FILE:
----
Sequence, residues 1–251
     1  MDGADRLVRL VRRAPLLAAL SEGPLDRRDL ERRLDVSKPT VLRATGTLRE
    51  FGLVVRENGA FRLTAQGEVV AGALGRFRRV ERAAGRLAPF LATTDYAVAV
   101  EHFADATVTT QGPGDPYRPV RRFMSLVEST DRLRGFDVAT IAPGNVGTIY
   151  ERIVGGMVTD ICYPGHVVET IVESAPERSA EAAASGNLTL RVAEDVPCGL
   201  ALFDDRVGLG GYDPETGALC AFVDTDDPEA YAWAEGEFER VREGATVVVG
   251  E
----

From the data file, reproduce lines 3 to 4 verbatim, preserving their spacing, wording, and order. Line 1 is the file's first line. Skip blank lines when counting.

    51  FGLVVRENGA FRLTAQGEVV AGALGRFRRV ERAAGRLAPF LATTDYAVAV
   101  EHFADATVTT QGPGDPYRPV RRFMSLVEST DRLRGFDVAT IAPGNVGTIY